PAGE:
Create and manage ISO images
Special tools are required to create and process ISO images. AcetoneISO offers this functionality, even making it possible to handle multimedia files.
ISO images have become part and parcel of the Linux universe, offering the capability of burning a complete distribution onto CDs and DVDs and thus becoming one of the most important means of distribution.
ISOs also form the basis of creating a bootable USB stick and can be used directly inside virtual machines as well. AcetoneISO lets you adapt ISO images to your personal requirements, allowing you to derive a highly individualized operating system from a standard image; however, AcetoneISO can do considerably more.
This small program can be found in the repositories of popular distributions, from which you can easily install it and all dependent packages via your distribution's package manager. If necessary, you will find the source code on SourceForge .
On initial startup, AcetoneISO opens a window containing various configuration options (Figure 1). To begin, specify the file manager to be used, then select the fundamental database settings. By default, AcetoneISO locates all images in the home folder of the active user, but if you work with a lot of ISO images, they should be stored in their own partition inside a dedicated folder. Otherwise, you risk quickly running out of storage capacity in your home directory.
Mounting and Unmounting
To access an ISO image, you first need to attach it to the existing file structure. Because ISO images are not equipped with a standard filesystem, it is necessary to mount the image manually. For this purpose, the program window of AcetoneISO displays on the right-hand side all ISO archives accessible via the path specified in the program settings.
To mount the image, either double-click on the desired image or right-click on the image and select mount <image name>. As part of this process, AcetoneISO creates a subfolder named
virtual-drives/, which in turn contains several additional subfolders. After mounting the ISO image, AcetoneISO enters the image name in the Mount images tab inside the program window, as well as in the History pane at the bottom.
Double-clicking on the mounted image opens the file manager and makes its structure accessible, just as for a regular drive. Alternatively, you can start the file manager by right-clicking the image and then selecting open <ISO image> in file manager (Figure 2).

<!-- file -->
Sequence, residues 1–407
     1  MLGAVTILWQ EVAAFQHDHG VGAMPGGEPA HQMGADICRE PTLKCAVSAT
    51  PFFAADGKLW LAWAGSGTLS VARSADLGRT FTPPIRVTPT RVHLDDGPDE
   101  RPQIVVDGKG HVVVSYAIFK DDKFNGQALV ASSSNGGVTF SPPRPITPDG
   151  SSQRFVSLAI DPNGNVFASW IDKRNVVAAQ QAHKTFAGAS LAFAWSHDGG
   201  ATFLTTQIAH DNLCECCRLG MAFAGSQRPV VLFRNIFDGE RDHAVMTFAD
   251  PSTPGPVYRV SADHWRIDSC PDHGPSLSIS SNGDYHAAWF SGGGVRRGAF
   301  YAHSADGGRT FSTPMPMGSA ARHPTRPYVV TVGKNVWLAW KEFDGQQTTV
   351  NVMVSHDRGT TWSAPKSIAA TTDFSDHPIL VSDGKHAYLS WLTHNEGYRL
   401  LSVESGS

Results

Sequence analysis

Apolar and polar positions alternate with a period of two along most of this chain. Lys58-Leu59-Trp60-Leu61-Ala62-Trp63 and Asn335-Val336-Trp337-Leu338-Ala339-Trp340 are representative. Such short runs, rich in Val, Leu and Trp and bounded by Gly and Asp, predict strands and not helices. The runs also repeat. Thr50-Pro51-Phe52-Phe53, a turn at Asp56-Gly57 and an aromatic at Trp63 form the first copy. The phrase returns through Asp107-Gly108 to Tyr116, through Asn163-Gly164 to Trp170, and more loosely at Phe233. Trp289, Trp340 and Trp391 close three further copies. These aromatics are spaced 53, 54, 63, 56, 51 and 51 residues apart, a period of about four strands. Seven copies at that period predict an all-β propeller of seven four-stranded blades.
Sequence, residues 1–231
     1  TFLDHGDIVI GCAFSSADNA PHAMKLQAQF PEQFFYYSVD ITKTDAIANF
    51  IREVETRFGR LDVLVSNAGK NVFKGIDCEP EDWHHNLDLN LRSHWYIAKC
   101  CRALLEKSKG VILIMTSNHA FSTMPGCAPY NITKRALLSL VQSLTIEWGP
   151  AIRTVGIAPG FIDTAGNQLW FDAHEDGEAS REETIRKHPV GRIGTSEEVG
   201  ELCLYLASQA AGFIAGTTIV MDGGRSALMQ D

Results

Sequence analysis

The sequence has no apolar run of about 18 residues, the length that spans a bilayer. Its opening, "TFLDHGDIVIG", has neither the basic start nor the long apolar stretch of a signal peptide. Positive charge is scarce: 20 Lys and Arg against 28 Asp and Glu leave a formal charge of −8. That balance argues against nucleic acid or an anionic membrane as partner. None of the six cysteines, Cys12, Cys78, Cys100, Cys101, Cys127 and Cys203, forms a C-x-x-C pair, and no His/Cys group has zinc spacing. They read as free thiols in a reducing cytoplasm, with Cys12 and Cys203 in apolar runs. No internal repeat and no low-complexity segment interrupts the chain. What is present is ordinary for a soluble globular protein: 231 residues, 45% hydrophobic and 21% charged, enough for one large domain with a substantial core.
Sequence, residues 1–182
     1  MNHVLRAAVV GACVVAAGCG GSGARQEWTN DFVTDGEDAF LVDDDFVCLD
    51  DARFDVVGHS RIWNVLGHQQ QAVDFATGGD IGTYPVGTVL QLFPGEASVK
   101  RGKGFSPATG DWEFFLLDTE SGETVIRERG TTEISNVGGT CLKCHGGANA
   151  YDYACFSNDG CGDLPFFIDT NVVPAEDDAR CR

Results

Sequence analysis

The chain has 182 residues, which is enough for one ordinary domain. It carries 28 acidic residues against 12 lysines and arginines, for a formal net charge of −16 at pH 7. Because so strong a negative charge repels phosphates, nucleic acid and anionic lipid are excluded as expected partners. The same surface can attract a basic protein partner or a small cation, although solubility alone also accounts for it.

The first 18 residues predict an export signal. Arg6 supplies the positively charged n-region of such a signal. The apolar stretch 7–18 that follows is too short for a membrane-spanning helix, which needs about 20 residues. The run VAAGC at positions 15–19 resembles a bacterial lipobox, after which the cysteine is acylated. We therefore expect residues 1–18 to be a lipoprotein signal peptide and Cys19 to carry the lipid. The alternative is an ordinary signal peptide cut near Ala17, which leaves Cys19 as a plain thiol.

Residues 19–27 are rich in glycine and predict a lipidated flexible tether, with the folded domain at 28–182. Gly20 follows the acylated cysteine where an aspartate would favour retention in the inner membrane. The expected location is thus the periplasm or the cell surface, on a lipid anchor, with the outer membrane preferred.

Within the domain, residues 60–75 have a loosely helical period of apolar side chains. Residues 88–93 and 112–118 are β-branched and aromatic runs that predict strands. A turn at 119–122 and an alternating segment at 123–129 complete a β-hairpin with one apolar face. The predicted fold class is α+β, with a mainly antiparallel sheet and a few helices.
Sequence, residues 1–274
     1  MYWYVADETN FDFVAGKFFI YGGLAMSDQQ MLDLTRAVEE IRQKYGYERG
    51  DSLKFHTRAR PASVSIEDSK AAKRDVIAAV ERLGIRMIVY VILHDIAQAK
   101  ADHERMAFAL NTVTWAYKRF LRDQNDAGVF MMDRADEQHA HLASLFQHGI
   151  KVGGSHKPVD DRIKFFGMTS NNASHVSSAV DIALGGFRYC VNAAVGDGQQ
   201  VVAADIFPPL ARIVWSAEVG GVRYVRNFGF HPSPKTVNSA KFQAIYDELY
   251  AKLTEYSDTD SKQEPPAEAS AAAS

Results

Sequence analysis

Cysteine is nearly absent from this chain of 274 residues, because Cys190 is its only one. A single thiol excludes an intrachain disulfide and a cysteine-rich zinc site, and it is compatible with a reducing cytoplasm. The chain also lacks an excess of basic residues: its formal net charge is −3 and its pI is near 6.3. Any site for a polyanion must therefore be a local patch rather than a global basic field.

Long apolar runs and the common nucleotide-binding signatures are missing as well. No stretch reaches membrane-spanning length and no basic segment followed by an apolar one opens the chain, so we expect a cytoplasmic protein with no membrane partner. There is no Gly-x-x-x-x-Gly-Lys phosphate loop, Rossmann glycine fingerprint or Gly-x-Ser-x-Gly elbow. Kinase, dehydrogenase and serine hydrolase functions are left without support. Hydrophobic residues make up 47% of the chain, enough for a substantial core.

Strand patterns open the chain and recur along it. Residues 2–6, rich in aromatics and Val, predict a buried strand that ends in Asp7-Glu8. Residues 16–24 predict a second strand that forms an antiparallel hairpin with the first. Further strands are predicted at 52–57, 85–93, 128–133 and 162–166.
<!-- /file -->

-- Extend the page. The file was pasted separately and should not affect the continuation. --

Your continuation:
AcetoneISO allows you to work with up to seven images simultaneously, which are opened in their own numbered directories in the
virtual-drives/ folder. To unmount a mounted ISO image after processing, simply click on the button Unmount <ISO image name>. After you confirm a security prompt, the image is unmounted and can no longer be accessed.
With AcetoneISO, you can not only manage your existing ISO images but also configure your own images. To do so, first save the files making up the new ISO image in a suitable folder structure on the hard drive, then click Image Conversion | Convert Image to ISO from the program window menubar. In two steps, the software now guides you through file selection and target image location to the creation of the finished ISO image.
Conversely, the program can convert data stored on an optical device to an ISO image quickly and easily. To that end, you merely need to select the menu entry Image Conversion | Generate ISO from CD/DVD and it is: and specify in a dialog the path to the optical device, the block size, and the name of the image to be created. In this way, you can convert not only data DVDs, but also audio and game CDs, even those for PlayStation 1.
AcetoneISO now stores the contents of the optical medium as an image, which could take a while depending on the amount of data involved. However, you should be careful when the source device is bootable: To convert such a CD/DVD to an ISO image, you use the Utilities menu.
In the submenu Boot | Extract Boot Image the software first asks for the source medium, which you define by clicking the button CD/DVD. Next, AcetoneISO asks for the target location on the hard drive, then it converts and stores the bootable image. For DVDs, especially, this process can take considerable time.
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